When preparing, you should first determine which functionalities are essential to you and must be maintained. Elements can be sorted by priority. Here, it’s important to remember to keep dependencies between functionalities so that you don’t exclude some critical parts. Dependency mistakes will most likely be caught during the migration process but can then introduce confusion, which can be avoided by conducting a solid planning stage.
The preparation stage is also a great time to plan for additional functionality you have always wanted to introduce, but for some reason, it wasn’t possible in the old system version. In this case, even potential functionalities should be discussed during migration planning, as they can affect the process going forward.
In addition to functionality, you should also determine which content should be migrated. Migration is also an excellent time to refresh the look of your website - the skin will have to be rewritten anyway due to its almost complete lack of compatibility with newer versions of Drupal. Therefore, the additional outlay of resources will be less than if you postpone this investment until after the migration.
On the technical side, it's a good idea to review the available modules and ensure that everyone you have uses them. For contrib modules, make sure they support Drupal 10. Custom modules must be rewritten, so choosing only the necessary modules will save you time and money.
It’s also crucial to plan the infrastructure on which you’ll run your website. The infrastructure must be compatible with Drupal 10 requirements, and it should allow you to easily scale your resources to accomplish your task in case of higher demand.
How to implement Drupal 7 to 10 migration?
After decent preparation comes the implementation stage. It’s worth ensuring that your Drupal 7 is updated to the latest possible version. This should minimize any difficulties in moving the configuration. Next, we usually start by moving the entity structure to prepare a place for data import.
If the Drupal 7 application will continue to be used throughout the rewriting process, then you should consider implementing incremental content migration, a way to determine which data has been migrated and which has not yet. Typically, this is done by recording the export date of the content of a given type and comparing it to the date the content was last edited to export only those items whose last modification occurred later than the previous export.
Importantly, before each data import, you should make security copies so that you can make the appropriate corrections and try again in case of failure.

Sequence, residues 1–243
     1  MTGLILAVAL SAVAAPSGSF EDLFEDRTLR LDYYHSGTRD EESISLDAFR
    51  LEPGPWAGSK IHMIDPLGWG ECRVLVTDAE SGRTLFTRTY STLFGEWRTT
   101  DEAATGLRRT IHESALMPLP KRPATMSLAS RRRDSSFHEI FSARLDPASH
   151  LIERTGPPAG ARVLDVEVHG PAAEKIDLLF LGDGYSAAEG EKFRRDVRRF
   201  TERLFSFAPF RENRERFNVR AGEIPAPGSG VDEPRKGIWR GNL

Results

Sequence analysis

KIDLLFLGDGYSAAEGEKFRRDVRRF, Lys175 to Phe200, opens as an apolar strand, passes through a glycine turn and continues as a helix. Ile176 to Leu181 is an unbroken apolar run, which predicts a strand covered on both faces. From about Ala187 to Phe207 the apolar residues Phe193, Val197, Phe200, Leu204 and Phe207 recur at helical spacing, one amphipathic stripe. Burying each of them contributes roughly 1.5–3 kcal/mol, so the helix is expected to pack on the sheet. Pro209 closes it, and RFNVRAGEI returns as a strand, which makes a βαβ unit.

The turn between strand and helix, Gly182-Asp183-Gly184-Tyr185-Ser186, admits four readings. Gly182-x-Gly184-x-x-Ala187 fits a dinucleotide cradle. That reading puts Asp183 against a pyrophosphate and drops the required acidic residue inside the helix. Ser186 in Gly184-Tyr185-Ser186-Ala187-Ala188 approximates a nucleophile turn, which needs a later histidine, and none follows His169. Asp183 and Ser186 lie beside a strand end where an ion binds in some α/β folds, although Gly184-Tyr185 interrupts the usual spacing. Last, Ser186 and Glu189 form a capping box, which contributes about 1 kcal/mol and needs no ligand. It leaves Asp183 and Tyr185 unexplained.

After data migration comes the stage of installing and configuring the remaining contrib modules and skins and rewriting custom modules and skins. This stage requires (in the case of custom modules and skins) several steps. The first is to understand the Drupal 10 architecture to be able to rewrite the code correctly and according to standards. It’s also crucial to update the documentation so that the purpose and use of the module are clear to both developers and website administrators.
What should you keep in mind after Drupal 7 migration?
After the migration (in the case where the Drupal 7 website is active), it’s necessary to determine the moment when the so-called content freeze occurs, that is, the time when no content is added to the site. This is when we import the last content increment to the new web page on Drupal 10 and update the modules.
Drupal 10 is a rapidly developing system. Module updates are released every day. Staying up to date allows you to eliminate as many bugs as possible and also enables you to use the system's latest features.
Drupal 7 end of life - summary
Migration to the latest version of Drupal is essential for many reasons. Depending on the website's characteristics, size, popularity, and several other factors, the process of preparation, implementation, and post-migration activities vary significantly.
If your website needs to be migrated to a higher version, get help from professionals. Our team of developers specializing in Drupal 7 to 10 migration has experience in processes carried out with complete success.